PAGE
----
Published in 2013 by Penguin Books, the book tells the story of Don Tillman a highly intelligent genetics professor in Melbourne. Don’s hit a bit of a mid life crisis, he’s single, has tried all the usual routes, online dating, blind dates, personal ads,  chatting people up in bars – which is difficult for Don, given his limited social skills – all to no avail and with disastrous results(see the Apricot ice cream fiasco). So Don decides to take a more scientific approach to dating. He draws up a questionnaire “The Wife Project”, which again leads to hilarious results.  Gene his promiscuous boss, whose own life project is to shag a female from every nation on the planet and one of only two of Don’s close friends he has (the other being Claudia, Gene’s long suffering wife) then sends a mature student called Rosie  to him, resulting in a misunderstanding when Don believes Gene has put her forward for “The project”. He is roped into helping Rosie find her real dad, despite writing her off as totally unsuitable as a mate, but something begins to evolve through their close scrapes and weird escapades, including Rosie’s modicum of success in de-stigmatizing Don and making him slightly more socially adept, Don starts to realise she is the most beautiful woman he has ever met. But will his rather glaring and outlandish foibles get in the way of true love?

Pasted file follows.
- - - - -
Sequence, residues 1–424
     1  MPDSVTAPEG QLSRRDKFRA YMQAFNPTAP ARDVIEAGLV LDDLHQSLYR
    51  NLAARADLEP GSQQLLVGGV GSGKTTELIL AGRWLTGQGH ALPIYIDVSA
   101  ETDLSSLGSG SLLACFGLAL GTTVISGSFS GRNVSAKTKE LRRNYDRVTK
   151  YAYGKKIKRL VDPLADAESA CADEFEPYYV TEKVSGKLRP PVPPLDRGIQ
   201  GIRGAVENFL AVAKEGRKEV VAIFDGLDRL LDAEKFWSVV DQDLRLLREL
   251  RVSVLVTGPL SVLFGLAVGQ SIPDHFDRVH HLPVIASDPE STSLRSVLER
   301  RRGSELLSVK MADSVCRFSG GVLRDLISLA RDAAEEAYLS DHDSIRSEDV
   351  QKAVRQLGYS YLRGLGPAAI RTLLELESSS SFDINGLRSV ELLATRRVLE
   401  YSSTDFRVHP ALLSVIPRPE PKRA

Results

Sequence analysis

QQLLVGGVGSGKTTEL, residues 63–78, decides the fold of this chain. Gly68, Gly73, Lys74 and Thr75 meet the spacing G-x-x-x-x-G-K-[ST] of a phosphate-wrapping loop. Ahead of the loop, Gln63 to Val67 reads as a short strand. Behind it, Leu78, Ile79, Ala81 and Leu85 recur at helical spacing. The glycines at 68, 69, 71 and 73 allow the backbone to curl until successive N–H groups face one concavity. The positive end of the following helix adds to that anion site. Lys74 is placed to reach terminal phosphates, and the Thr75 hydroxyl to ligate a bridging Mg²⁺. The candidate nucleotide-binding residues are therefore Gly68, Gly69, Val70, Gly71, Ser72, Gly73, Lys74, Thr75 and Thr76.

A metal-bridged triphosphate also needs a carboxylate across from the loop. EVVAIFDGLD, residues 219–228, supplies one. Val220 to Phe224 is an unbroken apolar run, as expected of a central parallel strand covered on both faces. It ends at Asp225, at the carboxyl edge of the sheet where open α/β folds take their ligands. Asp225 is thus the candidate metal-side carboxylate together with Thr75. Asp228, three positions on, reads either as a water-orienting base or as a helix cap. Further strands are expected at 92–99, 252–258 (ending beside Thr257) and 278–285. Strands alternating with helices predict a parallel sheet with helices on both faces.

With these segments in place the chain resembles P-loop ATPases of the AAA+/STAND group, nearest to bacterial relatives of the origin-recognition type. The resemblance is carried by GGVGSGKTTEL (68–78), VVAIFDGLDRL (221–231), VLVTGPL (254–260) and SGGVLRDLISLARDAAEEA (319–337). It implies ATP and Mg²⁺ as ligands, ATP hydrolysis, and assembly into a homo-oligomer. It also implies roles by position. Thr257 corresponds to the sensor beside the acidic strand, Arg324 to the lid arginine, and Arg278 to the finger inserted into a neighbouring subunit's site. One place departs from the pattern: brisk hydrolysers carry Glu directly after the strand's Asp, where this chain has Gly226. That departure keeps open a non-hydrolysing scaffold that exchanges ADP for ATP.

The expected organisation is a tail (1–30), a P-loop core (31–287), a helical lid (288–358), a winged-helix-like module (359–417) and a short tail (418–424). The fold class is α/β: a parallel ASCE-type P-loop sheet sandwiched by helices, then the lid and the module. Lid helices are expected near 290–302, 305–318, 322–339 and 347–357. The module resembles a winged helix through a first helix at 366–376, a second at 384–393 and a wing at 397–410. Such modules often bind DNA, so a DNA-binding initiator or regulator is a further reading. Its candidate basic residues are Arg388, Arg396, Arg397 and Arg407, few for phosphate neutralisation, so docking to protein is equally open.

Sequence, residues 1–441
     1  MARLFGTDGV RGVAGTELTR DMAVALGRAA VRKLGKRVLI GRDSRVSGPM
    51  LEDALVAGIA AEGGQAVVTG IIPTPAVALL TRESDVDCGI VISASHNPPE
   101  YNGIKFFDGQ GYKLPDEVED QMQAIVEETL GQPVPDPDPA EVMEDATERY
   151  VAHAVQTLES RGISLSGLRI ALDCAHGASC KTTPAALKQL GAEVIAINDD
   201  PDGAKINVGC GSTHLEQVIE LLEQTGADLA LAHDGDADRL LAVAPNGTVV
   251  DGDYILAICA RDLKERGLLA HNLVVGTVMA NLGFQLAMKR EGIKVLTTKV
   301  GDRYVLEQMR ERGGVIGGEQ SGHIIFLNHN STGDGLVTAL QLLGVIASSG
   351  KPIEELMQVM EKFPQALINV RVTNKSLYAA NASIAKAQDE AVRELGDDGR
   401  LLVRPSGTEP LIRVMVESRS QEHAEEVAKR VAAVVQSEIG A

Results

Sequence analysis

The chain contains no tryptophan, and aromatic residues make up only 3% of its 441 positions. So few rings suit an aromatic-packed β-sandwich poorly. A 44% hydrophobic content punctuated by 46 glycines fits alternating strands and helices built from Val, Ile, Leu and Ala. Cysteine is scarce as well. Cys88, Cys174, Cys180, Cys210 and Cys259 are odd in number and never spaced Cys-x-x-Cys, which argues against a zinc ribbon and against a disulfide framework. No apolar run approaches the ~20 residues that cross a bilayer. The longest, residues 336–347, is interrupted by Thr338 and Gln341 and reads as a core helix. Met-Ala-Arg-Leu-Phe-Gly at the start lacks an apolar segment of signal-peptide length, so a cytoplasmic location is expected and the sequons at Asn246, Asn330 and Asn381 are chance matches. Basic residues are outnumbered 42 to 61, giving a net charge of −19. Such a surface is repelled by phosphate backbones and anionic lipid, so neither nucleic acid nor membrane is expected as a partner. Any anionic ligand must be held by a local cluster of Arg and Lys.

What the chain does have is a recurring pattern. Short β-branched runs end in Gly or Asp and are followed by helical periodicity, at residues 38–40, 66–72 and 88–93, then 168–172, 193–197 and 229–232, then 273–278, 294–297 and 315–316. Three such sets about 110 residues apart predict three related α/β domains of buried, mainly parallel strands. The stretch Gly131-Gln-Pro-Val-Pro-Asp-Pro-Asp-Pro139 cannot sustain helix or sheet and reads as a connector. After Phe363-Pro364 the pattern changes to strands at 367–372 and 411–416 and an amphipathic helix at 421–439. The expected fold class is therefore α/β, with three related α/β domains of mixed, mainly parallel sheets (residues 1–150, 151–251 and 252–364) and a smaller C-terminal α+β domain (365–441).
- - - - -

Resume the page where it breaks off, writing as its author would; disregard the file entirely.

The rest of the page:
Hold on to your hats and don’t blink. Why? Because this is the funniest book I’ve read this year and if not, then it must share the mantle with The Collected Works of A. J. Fikry by Gabrielle Zevin (See previous review). But where that was a heart tugging, sentimental tale of star crossed lovers with the innocent humour of a small child thrown in for good luck, The Rosie Project is a straight out of the blocks, side splitting laughter fest. From the first page to the three hundred and twenty seventh, Professor Don Tillman will have you eating out of his hand and almost cracking a rib with the laughter. I’ve often said the that you know you’re reading a great funny book when your giggling and failed attempts to control hysterics in public cause other commuters on a train to give you funny looks, this book left me in this situation on a number of occasions.

Whether it’s the descriptions of the previous dating experiences,Big bang theory his idiosyncrasies such as having his meals, alcohol consumption and every hour of his day planned, judging everyone he meets by their BMI,  his and Rosie’s first date when Don gets embroiled in a fight over a jacket and single handedly immobilizes two bouncers, or that he memorises the recipe for almost every cocktail ever made in 48 hours so that he and Rosie can pass themselves off as waiters to collect DNA for “The Father Project”, you will never again meet a person like Don Tillman and the weird and wonderful characters in his life.